[3H]TdR incorporation by lymph node cells was determined in vitro in other animals sacrificed 4 days following the last topical application (day 6). The auricular lymph nodes (LN) were excised, weighed and pooled for each animal, and suspended in 5 mL RPMI-1640 supplemented with 5% heat inactivated foetal calf serum, 100 U/mL penicillin and 100 mg/mL streptomycin. Single cell suspensions were prepared under aseptic condition. Cells washed twice in standard medium then resuspended in 1 mL standard medium with 10% FCS. Cells counted (Coulter Counter) and cultured at a concentration of 1 × 10^7 cells/mL. When necessary, cell suspensions from several animals were pooled to obtain the concentration required. Cell suspensions seeded in triplicate into micro titre plates. Cells cultured with 10 mL [3H]TdR (3.7 MBq/mL) for 24 h at 37°C in a humidified atmosphere of 5% CO2 in air. [3H]TdR incorporation determined by liquid scintillation counting. [3H]TdR incorporation is expressed per animal.

The methodology used in this paper was reviewed as part of an ECVAM Workshop on “An Evaluation of Performance Standards and Non-radioactive Endpoints for the Local Lymph Node assay”, and the discussion and recommendations reported by Basketter et al. (2008). The Workshop noted that the method used by Ehling et al. (2005) for measurement of cell numbers and ear thickness deviated from the standard method in terms of the strain of mouse used (BALB/c (inbred) or NMRI (outbred) versus CBA/Ca or CBA/J (inbred) in the Guideline); excision of lymph nodes on day 4 (rather than on day 6, as stated in Guideline); use of dimethylacetone/acetone/ethanol (4:3:3) as vehicle (versus vehicles / vehicle validation requirements of the Guideline); and a cut-off at SI = 1.4 or above (versus a cut-off of SI=3 or above in the Guideline). Together, these were concluded (by the ECVAM Workshop) to represent a MAJOR change in methodology that required further validation.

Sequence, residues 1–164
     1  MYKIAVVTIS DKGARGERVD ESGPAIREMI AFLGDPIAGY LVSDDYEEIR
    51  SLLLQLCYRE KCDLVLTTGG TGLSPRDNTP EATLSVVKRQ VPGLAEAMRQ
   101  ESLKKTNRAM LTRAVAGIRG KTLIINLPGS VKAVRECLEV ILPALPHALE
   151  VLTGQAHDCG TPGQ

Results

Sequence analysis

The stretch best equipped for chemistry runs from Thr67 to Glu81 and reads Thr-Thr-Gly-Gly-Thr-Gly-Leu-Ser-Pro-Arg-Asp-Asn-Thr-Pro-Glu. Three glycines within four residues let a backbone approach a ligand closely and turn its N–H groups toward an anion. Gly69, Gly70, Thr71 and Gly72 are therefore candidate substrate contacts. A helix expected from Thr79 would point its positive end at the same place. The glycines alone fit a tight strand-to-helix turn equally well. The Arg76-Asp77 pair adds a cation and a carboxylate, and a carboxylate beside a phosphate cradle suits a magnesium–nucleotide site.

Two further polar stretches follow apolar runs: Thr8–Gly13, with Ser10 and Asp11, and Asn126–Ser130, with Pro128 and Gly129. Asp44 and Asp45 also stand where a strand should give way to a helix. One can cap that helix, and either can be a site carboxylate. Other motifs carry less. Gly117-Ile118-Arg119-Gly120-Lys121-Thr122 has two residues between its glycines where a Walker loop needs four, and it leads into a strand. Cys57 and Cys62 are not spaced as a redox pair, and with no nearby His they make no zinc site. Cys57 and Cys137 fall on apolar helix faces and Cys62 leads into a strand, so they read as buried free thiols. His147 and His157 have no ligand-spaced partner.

The use of [3H]TdR incorporation by lymph node cells in vitro (as opposed to incorporation of [3H]TdR following i.v. injection in vivo was not discussed but appears to represent a change versus the Guideline.

Basketter and Kimber (2010) also commented that the findings of Ehling et al. (2005) for mixed xylenes can only be considered of limited relevance since the assay used was not considered to be valid following review by ECVAM.
Positive control substance(s):
hexyl cinnamic aldehyde (CAS No 101-86-0)
Statistics:
Measured parameters compared using non-parametric Kruskal-Wallis test as the global test, and the non-parametric two-group Wilcoxon-Mann-Whitney rank test for all two-group comparisons. Because of power considerations the non-parametric Steel test was not applied for the comparison of the three concentration groups with the control group.

Results and discussion

Positive control results:
A satisfactory response was obtained with the positive control substance (alpha-hexylcinnamaldehyde, assessed blind at all 11 laboratories) however no quantitative results were included in the publication.

In vivo (LLNA)

Resultsopen allclose all
Parameter:
SI
Remarks on result:
other: Not reported
Parameter:
other: disintegrations per minute (DPM)
Remarks on result:
other: Not reported

Any other information on results incl. tables